The fundamental questions from Plato onwards are these: How is it possible for us to represent reality? How is it that we can represent the external world of objects, of space and time, of motion and color? How do we represent the inner world of thought and desire, images and ideas, self and consciousness? Where do moral values come from? Since it is after all the nervous system that achieves these things, the fundamental question can be reformulated thus: How does the brain situated in its bodily configuration, within its surrounding physical environment, and within the social context it finds itself–how does the brain work?
The human brain is, of course, a product of biological evolution, and as we increasingly appreciate, evolution is remarkably conservative. Our brains are very similar in organization, neuronal components, and neurochemicals to the brains of chimpanzees, monkeys, rodents, and even in basic ways, to those of reptiles and fruit flies. Looked at from an evolutionary point of view, the principal function of nervous systems is to enable the organism to move so as to succeed at the Four F’s: feeding, fleeing, fighting, and reproduction. We cannot expect engineering perfection in the products of evolution. Improvements to a nervous system are not built by starting from scratch, but are modifications and extensions of what already exists. If we approach the problems of nervous system function strictly as engineering problems, setting our goals to figure out how a task could in principle be done, we may find a cunning solution that is nothing like what evolution has actually found. Unless we go into the black box, we risk wasting our time exploring remote, if temporarily fashionable, areas of computational space.
Based on “Epistemology in the Age of Neuroscience”, Journal of Philosophy 1987
For decades, Patricia Churchland has contributed to the fields of philosophy of neuroscience, philosophy of the mind and neuroethics. Her research has centered on the interface between neuroscience and philosophy with a current focus on the association of morality and the social brain. A Professor Emeritus of Philosophy at the University of California, San Diego and Adjunct Professor at the Salk Institute, Pat holds degrees from Oxford University, the University of Pittsburg and the University of British Columbia. She has been awarded the MacArthur Prize, The Rossi Prize for Neuroscience and the Prose Prize for Science. She has authored multiple pioneering books, her most recent being Touching a Nerve. She has served as President of the American Philosophical Association and the Society for Philosophy and Psychology. Pat lives in Solana Beach, California, with her husband Paul, a neurophilosopher, and their labradoodle Millie. They have two children, Anne and Mark, both neuroscientists.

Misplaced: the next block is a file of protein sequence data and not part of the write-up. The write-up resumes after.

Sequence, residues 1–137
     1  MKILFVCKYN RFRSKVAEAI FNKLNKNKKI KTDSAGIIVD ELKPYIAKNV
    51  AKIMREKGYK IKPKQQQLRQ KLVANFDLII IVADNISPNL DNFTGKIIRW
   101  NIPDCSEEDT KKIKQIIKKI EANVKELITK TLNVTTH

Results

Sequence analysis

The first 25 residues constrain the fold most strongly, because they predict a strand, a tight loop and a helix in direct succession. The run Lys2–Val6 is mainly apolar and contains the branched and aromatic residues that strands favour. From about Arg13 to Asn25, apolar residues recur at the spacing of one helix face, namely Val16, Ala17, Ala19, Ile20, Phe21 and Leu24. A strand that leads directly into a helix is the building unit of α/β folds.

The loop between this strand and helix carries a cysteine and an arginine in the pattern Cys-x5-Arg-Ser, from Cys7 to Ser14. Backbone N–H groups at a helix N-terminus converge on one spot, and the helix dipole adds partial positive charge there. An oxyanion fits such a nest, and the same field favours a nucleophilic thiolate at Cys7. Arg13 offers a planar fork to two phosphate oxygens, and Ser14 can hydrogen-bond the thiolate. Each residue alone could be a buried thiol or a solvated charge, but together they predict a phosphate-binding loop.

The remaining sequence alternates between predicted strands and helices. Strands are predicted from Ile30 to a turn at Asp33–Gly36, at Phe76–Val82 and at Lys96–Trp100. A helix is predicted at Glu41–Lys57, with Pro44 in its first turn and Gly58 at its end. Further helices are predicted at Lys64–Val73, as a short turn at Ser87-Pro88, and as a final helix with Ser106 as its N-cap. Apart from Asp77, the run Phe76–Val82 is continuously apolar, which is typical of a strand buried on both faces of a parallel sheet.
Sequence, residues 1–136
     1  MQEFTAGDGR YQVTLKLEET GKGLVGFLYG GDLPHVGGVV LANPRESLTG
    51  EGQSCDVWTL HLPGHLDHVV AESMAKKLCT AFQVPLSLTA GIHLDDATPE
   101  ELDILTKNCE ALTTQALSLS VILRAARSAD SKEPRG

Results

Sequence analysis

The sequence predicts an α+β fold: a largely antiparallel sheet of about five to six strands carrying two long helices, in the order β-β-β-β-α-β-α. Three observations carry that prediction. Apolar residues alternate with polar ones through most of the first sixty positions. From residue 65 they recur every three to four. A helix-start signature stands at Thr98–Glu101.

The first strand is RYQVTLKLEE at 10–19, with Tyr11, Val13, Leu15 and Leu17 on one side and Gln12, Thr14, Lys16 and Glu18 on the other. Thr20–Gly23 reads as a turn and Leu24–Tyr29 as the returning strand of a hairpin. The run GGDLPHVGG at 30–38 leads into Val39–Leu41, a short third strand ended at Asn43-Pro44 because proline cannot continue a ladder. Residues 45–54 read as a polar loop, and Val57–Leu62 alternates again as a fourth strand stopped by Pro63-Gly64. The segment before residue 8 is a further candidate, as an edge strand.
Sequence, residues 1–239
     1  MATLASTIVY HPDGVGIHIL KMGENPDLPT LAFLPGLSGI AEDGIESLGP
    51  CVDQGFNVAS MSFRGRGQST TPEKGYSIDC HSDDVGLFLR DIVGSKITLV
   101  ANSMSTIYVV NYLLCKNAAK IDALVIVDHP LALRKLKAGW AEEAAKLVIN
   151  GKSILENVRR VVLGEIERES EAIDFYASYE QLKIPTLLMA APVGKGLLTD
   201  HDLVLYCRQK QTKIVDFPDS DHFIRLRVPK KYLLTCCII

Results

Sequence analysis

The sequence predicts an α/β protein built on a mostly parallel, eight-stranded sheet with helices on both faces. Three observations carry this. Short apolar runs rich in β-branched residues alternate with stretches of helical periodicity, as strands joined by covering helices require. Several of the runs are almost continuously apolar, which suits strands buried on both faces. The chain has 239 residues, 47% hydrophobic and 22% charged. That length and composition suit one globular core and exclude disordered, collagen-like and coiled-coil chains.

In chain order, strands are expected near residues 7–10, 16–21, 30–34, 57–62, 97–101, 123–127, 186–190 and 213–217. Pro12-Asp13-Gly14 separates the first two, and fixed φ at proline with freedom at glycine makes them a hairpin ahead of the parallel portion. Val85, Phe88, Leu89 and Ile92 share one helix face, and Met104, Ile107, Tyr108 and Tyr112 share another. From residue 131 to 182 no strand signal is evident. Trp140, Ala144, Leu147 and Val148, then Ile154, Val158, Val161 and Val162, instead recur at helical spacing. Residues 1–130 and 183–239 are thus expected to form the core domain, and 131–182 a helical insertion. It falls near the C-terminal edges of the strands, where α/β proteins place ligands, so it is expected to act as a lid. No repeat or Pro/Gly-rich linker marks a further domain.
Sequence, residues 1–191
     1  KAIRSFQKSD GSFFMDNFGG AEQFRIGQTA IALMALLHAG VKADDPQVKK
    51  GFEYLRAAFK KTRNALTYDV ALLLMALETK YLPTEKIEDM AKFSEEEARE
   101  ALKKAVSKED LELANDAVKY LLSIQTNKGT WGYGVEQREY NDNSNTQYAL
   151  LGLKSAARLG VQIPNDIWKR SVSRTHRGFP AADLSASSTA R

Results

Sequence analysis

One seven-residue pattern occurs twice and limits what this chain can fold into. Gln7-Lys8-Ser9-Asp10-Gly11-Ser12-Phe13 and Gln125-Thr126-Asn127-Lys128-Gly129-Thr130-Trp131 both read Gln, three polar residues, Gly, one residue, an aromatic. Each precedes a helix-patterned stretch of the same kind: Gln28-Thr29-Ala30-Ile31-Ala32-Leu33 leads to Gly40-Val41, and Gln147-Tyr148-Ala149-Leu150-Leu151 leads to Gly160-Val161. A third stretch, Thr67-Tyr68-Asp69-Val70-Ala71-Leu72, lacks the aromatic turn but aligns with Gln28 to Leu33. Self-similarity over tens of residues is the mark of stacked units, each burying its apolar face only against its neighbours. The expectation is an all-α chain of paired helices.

Academic Awards and Grants
Rossi Prize in Neuroscience Pavia, Italy 2008
Honorary Doctor of Law University of Alberta, 2007
Presidential Chair in Philosophy 1999-Present
Honorary Doctor of Letters University of Victoria, 1996
Academy of Humanism 1993
MacArthur Foundation Research Fellow 1991-96
James S. McDonnell Research Grant 1989-90
James S. McDonnell Research Grant 1988-89
Chancellor’s Associate Award University of California, San Diego 1988
Faculty Research Lecture Award University of California, San Diego 1988
National Science Foundation Research Grant 1987-89
Conscience – The Origins of Moral Intuition
On first impulse, the word “conscience” seems most easily defined as an innate knowledge of right and wrong. But if we think about the term more deeply, questions quickly arise. For instance, what one group defines as “right” is readily dismissed by another as “wrong.” Provocative, timely, and profound, Conscience is an upending examination of the roots behind our moral beliefs. With wisdom and unflinching scientific and philosophical insight, Patricia Churchland has written an eye-opening book that may seriously challenge everything we thought we knew about our best behavior.